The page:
Date of Award

1995

Document Type

Thesis

Department

Physics

First Advisor

Dr. Robert Hamilton

Second Advisor

Dr. Steve Hennagin

Third Advisor

Dr. Isaac Mwase

Abstract

Our solar system contains more activity and complexity than can be seen through a telescope. One such "invisible" phenomenon is the solar wind, created by a steady stream of particles blasted away from the sun in all directions. The sun's donut-shaped magnetic field lines channel this stream. Particles moving along the field lines perform an intricate helical dance, with ions winding one way and electrons the other.

The solar wind shapes and is shaped by the magnetic fields of the planets and the sun. If left undisturbed by outside influences, the earth's magnetic field, like the sun's, would resemble a donut surrounding the earth. However, the solar wind constantly streams around the earth, and its pressure compresses the earth's magnetic field in front and elongates it in back, much like a comet's tale. This is known as a planetary bow shock.

Physicists have found that certain types of electromagnetic waves, called Alfvén waves, are formed in planetary bow shocks, near comets, and even within the solar wind itself. The waves, which are nonlinear, travel along the solar wind's magnetic field lines. If the field lines are represented by a stretched rubber band, Alfvén waves are represented by the wave that travels the length of the rubber band when it is plucked.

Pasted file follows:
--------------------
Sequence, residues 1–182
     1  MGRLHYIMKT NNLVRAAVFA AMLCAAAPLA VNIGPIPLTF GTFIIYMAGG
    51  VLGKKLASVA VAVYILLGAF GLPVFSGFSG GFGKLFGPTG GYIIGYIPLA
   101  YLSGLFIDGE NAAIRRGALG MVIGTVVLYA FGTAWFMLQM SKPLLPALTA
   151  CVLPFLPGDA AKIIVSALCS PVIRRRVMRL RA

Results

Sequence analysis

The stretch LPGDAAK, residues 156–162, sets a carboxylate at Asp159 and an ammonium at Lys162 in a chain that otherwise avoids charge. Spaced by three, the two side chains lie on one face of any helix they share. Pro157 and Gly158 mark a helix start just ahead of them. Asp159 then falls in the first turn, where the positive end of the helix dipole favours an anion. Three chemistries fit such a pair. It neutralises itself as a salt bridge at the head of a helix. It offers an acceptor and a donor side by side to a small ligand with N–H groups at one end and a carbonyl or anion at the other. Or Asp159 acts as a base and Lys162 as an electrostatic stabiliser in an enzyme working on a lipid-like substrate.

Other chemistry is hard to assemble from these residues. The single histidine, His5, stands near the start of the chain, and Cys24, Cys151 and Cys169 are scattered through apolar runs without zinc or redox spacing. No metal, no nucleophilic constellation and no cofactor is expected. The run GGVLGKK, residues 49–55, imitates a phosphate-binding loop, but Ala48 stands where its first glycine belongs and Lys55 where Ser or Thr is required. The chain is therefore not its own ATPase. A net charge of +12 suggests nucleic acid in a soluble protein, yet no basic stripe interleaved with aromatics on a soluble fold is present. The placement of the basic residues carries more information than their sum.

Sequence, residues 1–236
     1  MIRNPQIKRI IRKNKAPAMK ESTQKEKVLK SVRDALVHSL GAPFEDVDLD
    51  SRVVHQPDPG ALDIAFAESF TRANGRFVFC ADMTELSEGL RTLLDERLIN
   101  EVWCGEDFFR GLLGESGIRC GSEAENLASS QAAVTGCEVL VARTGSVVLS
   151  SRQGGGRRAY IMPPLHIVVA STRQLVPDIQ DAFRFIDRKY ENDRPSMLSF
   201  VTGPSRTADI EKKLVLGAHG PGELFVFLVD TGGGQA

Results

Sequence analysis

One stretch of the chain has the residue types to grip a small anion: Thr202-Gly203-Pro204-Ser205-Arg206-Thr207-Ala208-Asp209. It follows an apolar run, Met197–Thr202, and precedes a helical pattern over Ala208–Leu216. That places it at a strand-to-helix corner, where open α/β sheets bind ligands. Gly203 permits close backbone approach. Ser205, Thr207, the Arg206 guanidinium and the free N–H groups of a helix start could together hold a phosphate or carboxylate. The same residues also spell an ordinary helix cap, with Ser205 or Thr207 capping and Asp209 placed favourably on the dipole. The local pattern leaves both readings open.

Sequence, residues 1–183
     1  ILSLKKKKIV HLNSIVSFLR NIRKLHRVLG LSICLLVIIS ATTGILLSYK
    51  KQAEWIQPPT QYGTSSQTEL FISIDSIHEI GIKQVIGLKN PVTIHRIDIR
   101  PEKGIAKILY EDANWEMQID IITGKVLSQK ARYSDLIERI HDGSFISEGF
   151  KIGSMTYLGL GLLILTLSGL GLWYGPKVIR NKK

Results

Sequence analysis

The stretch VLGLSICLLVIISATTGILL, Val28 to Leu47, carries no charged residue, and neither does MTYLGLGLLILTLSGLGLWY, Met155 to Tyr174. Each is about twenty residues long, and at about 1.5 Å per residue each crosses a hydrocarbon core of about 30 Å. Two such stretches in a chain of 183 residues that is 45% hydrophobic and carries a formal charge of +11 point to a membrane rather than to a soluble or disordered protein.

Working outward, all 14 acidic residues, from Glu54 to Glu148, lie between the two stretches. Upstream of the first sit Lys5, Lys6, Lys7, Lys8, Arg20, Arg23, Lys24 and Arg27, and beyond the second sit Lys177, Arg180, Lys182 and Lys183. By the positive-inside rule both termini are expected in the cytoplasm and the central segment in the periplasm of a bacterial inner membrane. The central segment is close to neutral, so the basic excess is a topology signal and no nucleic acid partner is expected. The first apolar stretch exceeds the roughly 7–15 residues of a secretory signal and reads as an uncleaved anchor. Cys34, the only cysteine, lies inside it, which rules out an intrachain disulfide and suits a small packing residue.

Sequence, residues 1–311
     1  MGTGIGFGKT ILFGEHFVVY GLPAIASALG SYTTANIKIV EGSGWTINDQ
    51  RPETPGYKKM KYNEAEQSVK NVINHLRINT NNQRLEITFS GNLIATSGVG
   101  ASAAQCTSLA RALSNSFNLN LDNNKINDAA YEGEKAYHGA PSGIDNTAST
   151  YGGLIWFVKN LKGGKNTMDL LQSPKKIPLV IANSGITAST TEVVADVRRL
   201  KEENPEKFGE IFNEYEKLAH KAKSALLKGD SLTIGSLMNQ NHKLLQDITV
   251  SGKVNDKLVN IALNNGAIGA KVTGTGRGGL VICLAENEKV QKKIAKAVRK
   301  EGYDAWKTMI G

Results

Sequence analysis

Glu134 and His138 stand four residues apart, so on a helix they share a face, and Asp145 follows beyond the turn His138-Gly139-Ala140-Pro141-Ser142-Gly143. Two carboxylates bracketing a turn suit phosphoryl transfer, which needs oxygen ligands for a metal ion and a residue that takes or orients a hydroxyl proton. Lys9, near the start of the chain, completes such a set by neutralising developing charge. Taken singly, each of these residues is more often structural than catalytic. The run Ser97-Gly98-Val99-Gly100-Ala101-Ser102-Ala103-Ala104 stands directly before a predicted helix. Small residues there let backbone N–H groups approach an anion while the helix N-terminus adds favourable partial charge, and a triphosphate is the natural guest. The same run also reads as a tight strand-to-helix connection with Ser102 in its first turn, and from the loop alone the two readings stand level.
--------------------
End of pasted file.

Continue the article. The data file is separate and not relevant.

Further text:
Since about 1968, scientists have sought a way to describe these waves mathematically. They have tried several equations, one family of which, the Derivative Nonlinear Schrodinger (DNLS) equation and its offshoots, has proven especially useful.

This paper will explain the origin of the DNLS equation in plasma physics, show its relationship to simpler wave equations, discuss the solution to the DNLS equation, and explain the numerical techniques used to find its eigenvalues. Eigenvalues are mathematical constructs which correspond to physically significant obervables, such as a wave's velocity or amplitude. All of these topics will then be brought together to explain the new mechanism for phase steepening that was discovered in the course of the research by examining the DNLS equation's eigenvalues. The type of phase steepening explored by this research may serve to explain why only one of two different types of Alfvén waves have been observed in satellite data.

 
 

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